A corn snake in a hide


Reptile Carpet as Corn Snake Substrate

Reptile carpet is exactly what it sounds like — carpet specifically made for reptiles. This substrate can be found in almost all pet stores and online. It is sold in sheets that are usually pre cut into common enclosure sizes. Spot cleaning is much less efficient with reptile carpet, as you tend to leave behind bits of waste that get trapped into the carpet, allowing the growth of bacteria. On top of that, reptile carpet prevents your corn snake from being able to burrow. If you decide to go this route I highly recommend purchasing a second carpet for your enclosure. This will make deep cleaning much easier as you can simply take out the dirty carpet, wipe out the enclosure, and place the clean one in. Then you’ll be able to deep clean the dirty carpet without disrupting your corn snake’s habitat for too long.


Coconut Fiber as Corn Snake Substrate

Coconut fiber, sometimes referred to as coconut coir, is basically a finer, ground up version of coconut husk. I know what you’re thinking, if coconut husk is a great substrate, then why is coconut fiber just a mediocre one? Well, for one, coconut fiber is prone to molding when exposed to too much humidity. Corn snake’s require fairly low humidity though so it shouldn’t be too much of a concern. Another possible issue with coconut fiber is that the fine powder like substance can irritate your corn snake’s nose. Coconut fiber is however the best substrate for allowing your snake to burrow. It will also make deep cleaning your corn snake’s enclosure a pain, as the fine particles tend to sift into the cracks and hard to reach places. Coconut fiber is readily available in almost all pet stores and online, and it is quite a bit cheaper than coconut husk.


Paper Towels as Corn Snake Substrate

Though you can use paper towels as a permanent substrate, I strongly discourage it. Paper towels are best when used as a temporary quarantine setup. They make for easy clean up and are great for monitoring feces if you believe your snake may be sick. They are non-toxic, and therefore safe for your corn snake, but offer no enrichment. To learn more on how to add enrichment to your corn snake’s life, check out my article on snake enrichment.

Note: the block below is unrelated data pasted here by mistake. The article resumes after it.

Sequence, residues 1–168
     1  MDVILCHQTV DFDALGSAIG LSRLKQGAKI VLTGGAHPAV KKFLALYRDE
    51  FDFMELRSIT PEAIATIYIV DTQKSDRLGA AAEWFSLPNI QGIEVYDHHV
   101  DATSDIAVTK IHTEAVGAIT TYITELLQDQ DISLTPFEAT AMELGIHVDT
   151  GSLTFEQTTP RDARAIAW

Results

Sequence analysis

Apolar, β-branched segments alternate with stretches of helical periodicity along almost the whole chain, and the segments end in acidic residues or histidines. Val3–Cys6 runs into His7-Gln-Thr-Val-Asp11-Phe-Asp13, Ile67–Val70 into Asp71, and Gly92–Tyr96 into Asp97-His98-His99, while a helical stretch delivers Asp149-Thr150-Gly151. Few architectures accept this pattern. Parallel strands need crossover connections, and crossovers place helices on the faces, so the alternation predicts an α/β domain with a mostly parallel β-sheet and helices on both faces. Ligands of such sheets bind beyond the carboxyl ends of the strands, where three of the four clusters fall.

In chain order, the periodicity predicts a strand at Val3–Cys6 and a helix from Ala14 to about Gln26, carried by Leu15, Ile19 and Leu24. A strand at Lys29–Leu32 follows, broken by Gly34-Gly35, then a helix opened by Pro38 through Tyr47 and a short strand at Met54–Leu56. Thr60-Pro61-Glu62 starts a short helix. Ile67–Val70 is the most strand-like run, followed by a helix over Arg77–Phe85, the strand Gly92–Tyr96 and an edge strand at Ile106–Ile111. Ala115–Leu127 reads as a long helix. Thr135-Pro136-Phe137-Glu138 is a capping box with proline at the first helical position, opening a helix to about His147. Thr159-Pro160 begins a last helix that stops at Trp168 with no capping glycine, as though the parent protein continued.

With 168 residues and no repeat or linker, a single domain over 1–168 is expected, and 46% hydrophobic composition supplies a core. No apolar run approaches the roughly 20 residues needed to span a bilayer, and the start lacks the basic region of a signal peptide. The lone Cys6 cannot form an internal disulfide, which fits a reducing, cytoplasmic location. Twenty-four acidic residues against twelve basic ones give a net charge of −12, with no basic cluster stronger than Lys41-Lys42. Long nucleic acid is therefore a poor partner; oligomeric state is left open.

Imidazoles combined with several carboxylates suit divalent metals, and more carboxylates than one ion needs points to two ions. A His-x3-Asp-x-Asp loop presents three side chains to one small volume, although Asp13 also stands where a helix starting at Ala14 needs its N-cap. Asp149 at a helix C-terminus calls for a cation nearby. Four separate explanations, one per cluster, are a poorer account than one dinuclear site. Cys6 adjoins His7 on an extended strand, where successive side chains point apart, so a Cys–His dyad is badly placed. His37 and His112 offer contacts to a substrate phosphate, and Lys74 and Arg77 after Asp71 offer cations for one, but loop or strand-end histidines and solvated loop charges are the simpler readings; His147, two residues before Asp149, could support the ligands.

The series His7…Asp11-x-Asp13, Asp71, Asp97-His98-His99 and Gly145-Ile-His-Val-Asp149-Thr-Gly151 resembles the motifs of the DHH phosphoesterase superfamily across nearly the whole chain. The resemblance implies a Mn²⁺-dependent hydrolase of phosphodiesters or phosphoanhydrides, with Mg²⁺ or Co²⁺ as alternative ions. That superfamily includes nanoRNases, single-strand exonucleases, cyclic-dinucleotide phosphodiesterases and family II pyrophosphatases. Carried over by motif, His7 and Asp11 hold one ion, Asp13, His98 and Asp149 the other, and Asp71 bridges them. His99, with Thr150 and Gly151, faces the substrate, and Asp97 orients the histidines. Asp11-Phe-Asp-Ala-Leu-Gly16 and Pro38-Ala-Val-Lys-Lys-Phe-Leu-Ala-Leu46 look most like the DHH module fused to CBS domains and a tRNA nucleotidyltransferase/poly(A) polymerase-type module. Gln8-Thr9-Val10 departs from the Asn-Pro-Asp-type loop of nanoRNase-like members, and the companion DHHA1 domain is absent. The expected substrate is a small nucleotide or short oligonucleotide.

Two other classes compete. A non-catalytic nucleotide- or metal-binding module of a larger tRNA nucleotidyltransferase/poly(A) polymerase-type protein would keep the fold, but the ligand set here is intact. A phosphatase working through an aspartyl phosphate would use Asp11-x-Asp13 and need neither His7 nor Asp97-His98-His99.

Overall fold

Substrates to Avoid

Unfortunately some substrates that are advertised as safe for your corn snake are actually dangerous. The following substrates should never be used in your corn snake’s enclosure as they are either toxic, or have a high risk for impaction.


Corn Snake With Tongue Out


Cedar or Pine Shavings as Corn Snake Substrate

Both cedar and pine are sometimes marketed as alternatives to aspen or coconut husk, however, this is false advertising. They may look like a cheaper and more convenient option, but they should never be used, as both pine and cedar release oils that are toxic to corn snakes. Keeping your corn snake on a bedding of cedar or pine will lead to nasty respiratory infections, and in extreme cases, can lead to death.


Rocks or Gravel as Corn Snake Substrate

Rocks are not a proper substrate, if ingested they cause some serious impaction that will have lethal consequences. Not to mention gravel would be a pain to keep clean and would be extremely uncomfortable for your snake to lay on all the time.


Sand as Corn Snake Substrate

Oftentimes, pet stores have sand for sale that is marketed as a high quality reptile bedding. Sand is known to mold quickly, and can cause impaction. It is also difficult to clean, which allows for the growth of bacteria.


If you'd like to learn more about how to provide your corn snake with the best care, check out The Complete Corn Snake Care Sheet!